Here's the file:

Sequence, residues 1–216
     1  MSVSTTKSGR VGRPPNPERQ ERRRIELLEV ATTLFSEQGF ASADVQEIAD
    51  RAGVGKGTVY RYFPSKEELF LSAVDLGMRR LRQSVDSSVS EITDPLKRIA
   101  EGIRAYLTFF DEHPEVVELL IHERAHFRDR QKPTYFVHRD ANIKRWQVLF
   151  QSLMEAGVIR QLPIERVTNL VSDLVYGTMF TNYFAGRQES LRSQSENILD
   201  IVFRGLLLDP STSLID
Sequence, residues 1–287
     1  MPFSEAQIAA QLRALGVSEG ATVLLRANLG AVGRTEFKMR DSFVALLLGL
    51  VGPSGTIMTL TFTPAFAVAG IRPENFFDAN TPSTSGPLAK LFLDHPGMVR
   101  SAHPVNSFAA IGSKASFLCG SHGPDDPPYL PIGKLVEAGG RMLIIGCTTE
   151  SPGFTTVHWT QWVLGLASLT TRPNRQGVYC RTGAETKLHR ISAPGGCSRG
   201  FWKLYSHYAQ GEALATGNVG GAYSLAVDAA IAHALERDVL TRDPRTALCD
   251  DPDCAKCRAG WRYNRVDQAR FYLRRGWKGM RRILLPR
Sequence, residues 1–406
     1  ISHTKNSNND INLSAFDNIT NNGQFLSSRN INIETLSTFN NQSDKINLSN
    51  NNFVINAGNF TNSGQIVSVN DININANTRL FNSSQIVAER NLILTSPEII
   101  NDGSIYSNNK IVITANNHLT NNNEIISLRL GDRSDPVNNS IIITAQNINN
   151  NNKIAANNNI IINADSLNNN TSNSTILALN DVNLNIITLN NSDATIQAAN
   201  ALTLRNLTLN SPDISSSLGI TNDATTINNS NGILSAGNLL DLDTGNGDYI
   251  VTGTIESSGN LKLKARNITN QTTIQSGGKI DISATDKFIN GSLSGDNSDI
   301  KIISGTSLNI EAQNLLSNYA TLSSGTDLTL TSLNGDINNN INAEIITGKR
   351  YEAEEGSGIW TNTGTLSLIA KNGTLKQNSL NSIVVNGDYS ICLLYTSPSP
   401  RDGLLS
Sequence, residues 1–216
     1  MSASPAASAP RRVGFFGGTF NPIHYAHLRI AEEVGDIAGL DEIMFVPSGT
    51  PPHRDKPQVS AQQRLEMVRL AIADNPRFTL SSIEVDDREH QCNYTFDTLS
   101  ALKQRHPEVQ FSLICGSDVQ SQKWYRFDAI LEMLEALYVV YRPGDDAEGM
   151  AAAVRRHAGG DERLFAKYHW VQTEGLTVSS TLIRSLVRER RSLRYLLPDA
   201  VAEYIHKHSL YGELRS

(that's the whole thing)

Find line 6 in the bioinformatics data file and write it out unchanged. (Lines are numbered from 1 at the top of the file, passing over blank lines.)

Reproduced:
   201  IVFRGLLLDP STSLID